Veterinarians & Cannabis Laws
A wave of medical research is providing fresh evidence that marijuana may help dogs and cats cope with arthritis, epilepsy, anxiety and other maladies without the side effects of traditional drugs, but veterinarians are afraid to prescribe it for fear of running afoul of federal laws.
At least 30 U.S. states have legalized medical marijuana, but none of them make provisions for ailing animals.
As a result, veterinarians are reluctant to even discuss marijuana, which remains illegal under federal law, over concerns of putting their professional licenses at risk, said Dr. Jeffrey Powers, chair of the American Veterinary Medical Association’s subcommittee on cannabinoids. That leaves it to pet owners themselves to make life-altering decisions about dosing and duration of the treatment.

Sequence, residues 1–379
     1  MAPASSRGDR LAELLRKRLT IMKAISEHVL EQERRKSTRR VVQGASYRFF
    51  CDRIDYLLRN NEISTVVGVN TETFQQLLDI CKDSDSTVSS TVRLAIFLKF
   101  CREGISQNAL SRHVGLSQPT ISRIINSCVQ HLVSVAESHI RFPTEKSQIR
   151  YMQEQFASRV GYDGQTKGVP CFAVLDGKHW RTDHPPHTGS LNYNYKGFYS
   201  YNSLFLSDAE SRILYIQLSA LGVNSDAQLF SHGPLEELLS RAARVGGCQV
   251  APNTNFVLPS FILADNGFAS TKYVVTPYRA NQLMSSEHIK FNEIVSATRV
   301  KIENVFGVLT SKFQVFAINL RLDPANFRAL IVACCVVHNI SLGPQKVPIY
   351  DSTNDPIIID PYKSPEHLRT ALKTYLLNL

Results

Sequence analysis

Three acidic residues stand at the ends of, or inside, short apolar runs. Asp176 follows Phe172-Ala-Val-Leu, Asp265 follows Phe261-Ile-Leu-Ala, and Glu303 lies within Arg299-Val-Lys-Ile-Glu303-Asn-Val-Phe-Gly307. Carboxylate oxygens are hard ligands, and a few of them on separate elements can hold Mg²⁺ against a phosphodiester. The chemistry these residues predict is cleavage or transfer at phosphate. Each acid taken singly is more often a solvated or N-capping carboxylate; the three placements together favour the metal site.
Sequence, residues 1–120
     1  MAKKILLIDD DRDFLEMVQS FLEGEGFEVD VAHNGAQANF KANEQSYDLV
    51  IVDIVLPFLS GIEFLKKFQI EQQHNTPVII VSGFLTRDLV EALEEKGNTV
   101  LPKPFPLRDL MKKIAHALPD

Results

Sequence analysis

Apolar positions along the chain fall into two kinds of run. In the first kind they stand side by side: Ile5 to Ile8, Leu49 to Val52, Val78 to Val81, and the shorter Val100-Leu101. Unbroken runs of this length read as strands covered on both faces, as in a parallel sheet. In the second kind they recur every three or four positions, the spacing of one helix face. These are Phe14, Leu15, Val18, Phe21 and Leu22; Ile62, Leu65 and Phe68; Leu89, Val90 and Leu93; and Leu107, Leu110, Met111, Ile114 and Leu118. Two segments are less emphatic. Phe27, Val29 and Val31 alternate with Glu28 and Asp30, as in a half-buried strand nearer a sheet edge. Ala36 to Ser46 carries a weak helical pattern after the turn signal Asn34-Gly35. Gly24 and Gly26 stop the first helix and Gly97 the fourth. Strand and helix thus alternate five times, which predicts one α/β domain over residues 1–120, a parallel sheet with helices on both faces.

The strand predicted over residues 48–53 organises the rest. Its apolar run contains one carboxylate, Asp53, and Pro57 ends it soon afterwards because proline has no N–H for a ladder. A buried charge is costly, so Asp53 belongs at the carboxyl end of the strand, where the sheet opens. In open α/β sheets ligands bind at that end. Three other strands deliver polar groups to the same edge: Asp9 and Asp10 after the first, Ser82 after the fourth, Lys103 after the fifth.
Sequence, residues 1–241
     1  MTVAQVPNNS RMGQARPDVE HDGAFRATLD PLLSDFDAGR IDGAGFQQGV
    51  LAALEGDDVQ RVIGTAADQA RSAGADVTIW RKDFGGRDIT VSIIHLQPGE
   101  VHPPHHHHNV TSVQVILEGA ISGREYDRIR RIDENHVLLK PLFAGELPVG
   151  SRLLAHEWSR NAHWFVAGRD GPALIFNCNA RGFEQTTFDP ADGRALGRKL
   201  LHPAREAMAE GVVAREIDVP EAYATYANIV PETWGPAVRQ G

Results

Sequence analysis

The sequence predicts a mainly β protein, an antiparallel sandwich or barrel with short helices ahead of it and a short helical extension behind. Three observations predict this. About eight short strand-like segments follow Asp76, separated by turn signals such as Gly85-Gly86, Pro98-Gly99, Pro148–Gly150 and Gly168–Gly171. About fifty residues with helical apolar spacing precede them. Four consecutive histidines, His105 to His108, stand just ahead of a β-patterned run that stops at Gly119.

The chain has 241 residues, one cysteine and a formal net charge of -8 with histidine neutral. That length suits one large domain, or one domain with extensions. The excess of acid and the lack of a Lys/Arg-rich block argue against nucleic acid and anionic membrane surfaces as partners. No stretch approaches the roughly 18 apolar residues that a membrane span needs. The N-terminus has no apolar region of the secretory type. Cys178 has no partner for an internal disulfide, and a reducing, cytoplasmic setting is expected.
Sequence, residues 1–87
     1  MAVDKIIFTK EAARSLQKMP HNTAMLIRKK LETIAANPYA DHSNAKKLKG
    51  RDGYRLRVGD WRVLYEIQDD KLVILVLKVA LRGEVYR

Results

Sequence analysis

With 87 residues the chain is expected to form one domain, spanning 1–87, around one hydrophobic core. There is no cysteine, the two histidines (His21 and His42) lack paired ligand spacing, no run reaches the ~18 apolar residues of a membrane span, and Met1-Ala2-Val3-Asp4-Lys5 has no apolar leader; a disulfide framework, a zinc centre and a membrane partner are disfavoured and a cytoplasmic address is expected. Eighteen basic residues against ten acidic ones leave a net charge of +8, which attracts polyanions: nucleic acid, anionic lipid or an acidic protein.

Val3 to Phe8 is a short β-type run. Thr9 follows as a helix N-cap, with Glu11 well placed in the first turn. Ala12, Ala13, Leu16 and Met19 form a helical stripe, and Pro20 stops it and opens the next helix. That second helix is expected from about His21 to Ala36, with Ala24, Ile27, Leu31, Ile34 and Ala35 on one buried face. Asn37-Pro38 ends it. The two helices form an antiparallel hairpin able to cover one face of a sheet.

Change could come soon to California, which appears ready to pass the nation’s first law giving veterinarians the legal cover they need to answer questions about using cannabis for pets.
“A human can get their doctor’s advice but a dog can’t, legally. It’s bizarre,” said Judy Boyle, 62, of Beaver Island, Michigan, whose dog Mac had for years been taking traditional prescription medicines for arthritis and anxiety. The cumulative effect of those drugs was causing Mac’s liver to fail.